That means the other colleges that describe themselves as need-blind may be “gapping” students, or admitting them even though there will be a gap between what the college is able to provide in financial aid and what the family can afford to pay.
Other colleges are need-blind but draw in such a wealthy crop of students that they still meet their financial aid budget, Malatesta says.
Need-aware colleges, on the other hand, might only pay attention to ability to pay in certain cases. At Union College, for example, if a student is at the top of the admissions profile, they’re going to get in regardless of their level of financial need, Malatesta says.
But for a student on the margin, the college might have to look at how much the student can afford, and what the college has left in its financial aid budget. Union promises to meet full need, and so for every student that is admitted, the college has to make sure it has the money to make it affordable, he says.
If you’re trying to better understand the policy at a college you’re interested in applying to, first check their financial aid or admissions website. Some colleges, such as Vassar College, are fairly transparent in describing their financial aid practices. If there are not details about the school’s policy online, you can ask during tours or via emails to the financial aid office. Try questions like, what percentage of need do you typically meet? and what is the general expected first-year loan within the financial aid packages?
Colleges That Meet 100% of Financial Need
These colleges reported meeting 100% of need for full-time students, with financial aid packages that exclude private loans, unsubsidized federal loans, or parent PLUS loans. Data are self-reported and published by Peterson’s.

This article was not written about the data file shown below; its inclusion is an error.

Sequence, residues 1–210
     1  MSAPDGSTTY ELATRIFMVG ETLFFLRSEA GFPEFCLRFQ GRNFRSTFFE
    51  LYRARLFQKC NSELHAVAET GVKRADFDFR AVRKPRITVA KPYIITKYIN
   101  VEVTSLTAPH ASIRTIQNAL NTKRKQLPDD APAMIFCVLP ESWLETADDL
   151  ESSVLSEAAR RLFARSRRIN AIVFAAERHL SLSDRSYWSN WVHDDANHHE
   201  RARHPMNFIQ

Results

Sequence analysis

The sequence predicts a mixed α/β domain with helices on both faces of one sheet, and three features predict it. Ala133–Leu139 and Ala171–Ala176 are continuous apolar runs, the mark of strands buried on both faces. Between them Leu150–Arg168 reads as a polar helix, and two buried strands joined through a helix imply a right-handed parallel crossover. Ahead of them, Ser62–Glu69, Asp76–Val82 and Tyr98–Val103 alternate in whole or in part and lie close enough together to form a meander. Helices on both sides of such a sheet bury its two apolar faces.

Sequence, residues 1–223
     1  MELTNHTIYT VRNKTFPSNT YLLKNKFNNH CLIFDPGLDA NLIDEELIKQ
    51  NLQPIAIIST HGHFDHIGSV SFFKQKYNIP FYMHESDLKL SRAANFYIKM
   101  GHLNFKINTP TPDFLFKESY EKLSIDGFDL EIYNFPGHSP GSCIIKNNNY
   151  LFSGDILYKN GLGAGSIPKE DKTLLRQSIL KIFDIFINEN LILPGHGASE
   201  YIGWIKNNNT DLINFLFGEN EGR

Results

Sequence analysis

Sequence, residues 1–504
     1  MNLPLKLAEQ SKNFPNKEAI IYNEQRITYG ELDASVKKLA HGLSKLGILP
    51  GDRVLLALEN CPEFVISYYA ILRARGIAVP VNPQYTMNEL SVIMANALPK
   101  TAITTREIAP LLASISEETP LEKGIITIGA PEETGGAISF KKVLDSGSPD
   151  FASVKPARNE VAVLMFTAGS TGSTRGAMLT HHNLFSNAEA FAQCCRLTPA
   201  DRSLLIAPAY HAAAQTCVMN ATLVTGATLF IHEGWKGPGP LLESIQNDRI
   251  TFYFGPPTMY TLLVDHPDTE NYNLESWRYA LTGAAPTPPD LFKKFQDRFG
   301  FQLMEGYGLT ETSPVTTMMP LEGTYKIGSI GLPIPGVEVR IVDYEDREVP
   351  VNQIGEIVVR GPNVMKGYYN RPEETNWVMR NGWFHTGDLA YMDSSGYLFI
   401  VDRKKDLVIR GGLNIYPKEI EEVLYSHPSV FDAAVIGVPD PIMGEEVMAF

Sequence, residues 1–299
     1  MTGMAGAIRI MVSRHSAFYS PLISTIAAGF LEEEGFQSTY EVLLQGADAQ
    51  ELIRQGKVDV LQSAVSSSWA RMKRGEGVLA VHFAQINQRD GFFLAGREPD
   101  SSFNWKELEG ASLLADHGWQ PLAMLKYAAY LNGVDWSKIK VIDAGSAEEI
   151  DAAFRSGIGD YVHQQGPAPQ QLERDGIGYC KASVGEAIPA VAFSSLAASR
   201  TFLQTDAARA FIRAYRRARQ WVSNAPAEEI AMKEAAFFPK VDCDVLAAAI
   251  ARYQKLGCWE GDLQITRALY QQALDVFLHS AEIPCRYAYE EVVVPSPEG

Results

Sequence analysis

- Amherst College
- Barnard College
- Bates College
- Babson College*
- Boston College
- Bowdoin College
- Brown University
- Bryn Mawr College
- California Institute of Technology
- Carleton College
- Case Western Reserve University*
- Claremont McKenna College
- Colby College
- Colgate University
- College of the Holy Cross
- Colorado College
- Columbia University
- Connecticut College
- Cornell University
- Dartmouth College
- Davidson College
- Denison University*
- Dickinson College*
- Duke University
- Emory University
- Franklin & Marshall College
- Franklin W. Olin College of Engineering
- Georgetown University
- Grinnell College
- Hamilton College
- Harvard University
- Harvey Mudd College
- Haverford College
- Johns Hopkins University
- Kenyon College
- Lafayette College
- Macalester College
- Marietta College*
- Massachusetts Institute of Technology
- Middlebury College
- Mount Holyoke College
- Northeastern University*
- Oberlin College
- Occidental College
- Pitzer College
- Pomona College
- Princeton University
- Reed College
- Rice University
- Scripps College
- Skidmore College*
- Smith College
- Stanford University
- St. Olaf College*
- Swarthmore College
- Thomas Aquinas College
- Trinity College
- Tufts University*
- Union College
- University of Chicago
- University of North Carolina at Chapel Hill
- University of Notre Dame
- University of Pennsylvania
- University of Richmond
- University of Southern California
- University of Virginia
- Vanderbilt University
- Vassar College
- Wake Forest University
- Washington and Lee University
- Washington University in St. Louis
- Wellesley College
- Wesleyan University
- Williams College
- Yale University
*These 11 colleges report meeting 100% of financial need for freshman, but for not all undergraduates. Many of these colleges still mean above 90% of financial need for undergraduates.